Remember D.A.R.E.? Turns out that D.A.R.E. did the exact opposite of what it set out to accomplish. By teaching young people about specific drugs and the dangers that come from using those drugs D.A.R.E. was actually increasing the likelihood that youth would try these drugs out. Why? Because the program highlighted the risks associated with substance use. During adolescence, youth and risk taking might as well be moths and flames.
Developmentally, youth are primed to take risks. Their brains are designed to reward them for taking risks. It’s the cerebral push they need to become independent. It’s also the driving force behind a lot of poor decisions young people make from driving too fast to testing out marijuana for the first time.
We now know that talking about the risks associated with substance use is not always the most effective way of approaching this conversation. So what is the best way to talk with youth about substance use?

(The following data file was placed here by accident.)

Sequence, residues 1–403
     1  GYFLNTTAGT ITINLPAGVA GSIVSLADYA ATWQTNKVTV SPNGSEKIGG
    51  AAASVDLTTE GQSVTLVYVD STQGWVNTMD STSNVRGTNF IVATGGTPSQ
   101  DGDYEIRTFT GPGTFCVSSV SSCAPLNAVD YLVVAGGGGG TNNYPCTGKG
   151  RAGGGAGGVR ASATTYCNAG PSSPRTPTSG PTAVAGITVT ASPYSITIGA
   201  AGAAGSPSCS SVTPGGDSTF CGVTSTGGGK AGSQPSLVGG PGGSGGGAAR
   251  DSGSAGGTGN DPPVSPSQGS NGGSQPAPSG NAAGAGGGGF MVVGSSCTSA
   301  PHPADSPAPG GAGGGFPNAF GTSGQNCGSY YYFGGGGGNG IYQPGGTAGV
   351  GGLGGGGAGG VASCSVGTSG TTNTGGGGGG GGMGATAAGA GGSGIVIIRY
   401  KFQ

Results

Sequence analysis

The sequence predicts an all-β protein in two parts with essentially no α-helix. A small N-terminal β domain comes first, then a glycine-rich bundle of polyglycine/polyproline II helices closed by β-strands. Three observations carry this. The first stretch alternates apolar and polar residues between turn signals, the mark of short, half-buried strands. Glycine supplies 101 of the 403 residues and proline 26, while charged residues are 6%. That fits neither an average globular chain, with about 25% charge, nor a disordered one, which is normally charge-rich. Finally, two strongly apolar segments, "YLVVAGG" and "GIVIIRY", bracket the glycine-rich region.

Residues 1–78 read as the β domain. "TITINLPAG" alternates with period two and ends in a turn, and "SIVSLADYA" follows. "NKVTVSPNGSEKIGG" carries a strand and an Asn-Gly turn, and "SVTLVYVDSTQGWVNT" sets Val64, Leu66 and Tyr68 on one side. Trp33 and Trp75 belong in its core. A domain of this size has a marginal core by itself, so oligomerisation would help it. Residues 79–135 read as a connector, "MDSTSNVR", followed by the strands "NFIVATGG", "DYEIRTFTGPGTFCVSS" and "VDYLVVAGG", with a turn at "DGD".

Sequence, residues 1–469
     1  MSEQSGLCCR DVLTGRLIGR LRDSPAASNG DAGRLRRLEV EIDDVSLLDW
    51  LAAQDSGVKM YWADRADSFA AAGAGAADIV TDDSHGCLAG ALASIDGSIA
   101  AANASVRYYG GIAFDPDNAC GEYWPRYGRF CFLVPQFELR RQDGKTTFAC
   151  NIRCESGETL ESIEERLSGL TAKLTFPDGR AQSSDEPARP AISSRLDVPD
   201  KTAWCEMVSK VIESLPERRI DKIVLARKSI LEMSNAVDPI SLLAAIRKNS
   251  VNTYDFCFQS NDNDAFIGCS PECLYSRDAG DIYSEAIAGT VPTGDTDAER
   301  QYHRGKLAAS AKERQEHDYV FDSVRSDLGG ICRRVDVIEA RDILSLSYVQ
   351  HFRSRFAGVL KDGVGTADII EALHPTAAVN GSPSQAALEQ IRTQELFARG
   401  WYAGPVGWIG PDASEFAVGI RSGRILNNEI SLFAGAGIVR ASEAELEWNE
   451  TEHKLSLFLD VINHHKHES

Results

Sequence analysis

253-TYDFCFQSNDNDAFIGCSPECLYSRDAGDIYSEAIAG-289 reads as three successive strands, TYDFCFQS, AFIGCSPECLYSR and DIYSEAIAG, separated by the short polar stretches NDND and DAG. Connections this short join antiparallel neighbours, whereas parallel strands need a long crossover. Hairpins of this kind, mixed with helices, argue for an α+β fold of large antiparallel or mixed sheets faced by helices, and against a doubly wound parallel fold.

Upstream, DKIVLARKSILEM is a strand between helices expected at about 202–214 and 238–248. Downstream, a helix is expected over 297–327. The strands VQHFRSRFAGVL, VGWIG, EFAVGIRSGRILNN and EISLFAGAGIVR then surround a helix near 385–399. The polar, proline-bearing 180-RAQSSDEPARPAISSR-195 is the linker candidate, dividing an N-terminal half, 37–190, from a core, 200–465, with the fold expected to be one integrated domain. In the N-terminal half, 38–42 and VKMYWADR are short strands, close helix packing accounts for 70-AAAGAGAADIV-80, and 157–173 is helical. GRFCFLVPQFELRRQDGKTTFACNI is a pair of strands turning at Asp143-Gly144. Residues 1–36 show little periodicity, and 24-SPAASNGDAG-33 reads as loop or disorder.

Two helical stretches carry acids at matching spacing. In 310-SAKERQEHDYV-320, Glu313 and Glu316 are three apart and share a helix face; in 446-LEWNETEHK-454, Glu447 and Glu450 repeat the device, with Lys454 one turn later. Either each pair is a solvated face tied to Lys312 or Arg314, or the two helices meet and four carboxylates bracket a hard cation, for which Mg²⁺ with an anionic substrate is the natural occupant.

Here at Team we like to approach this conversation from a perspective of “concern and hope”. I learned this term a few years ago at a conference and like how it can capture the true risks associated with substance use while focusing on the positives aspects in young people’s lives.
I still think it is important to educate youth about the risks of substance use. But I do this through a scientific lens. Instead of comparing a brain on drugs to a fried egg in a skillet (something that most youth will laugh at anyways) I talk about the science of addiction. I talk with teens about where their brains are developmentally and how introducing substances can drastically change that development, sometimes permanently. Then, we talk about why people are compelled to use substances and how we can meet those needs, whether it be to cope with stress, fit in with friends, or take a risk, in a healthy way.
Youth who talk with their parents about substances are less likely to initiate use. This is an important conversation to have but an easy one!
By Jane Wilson- Parent Engagement Specialist
The key to fewer problems in life? Use your Wizard Brain over Your Lizard Brain.
In order to understand why we sometimes act with our emotions rather than respond rationally, we have to understand our brain’s connection to our emotions and thinking.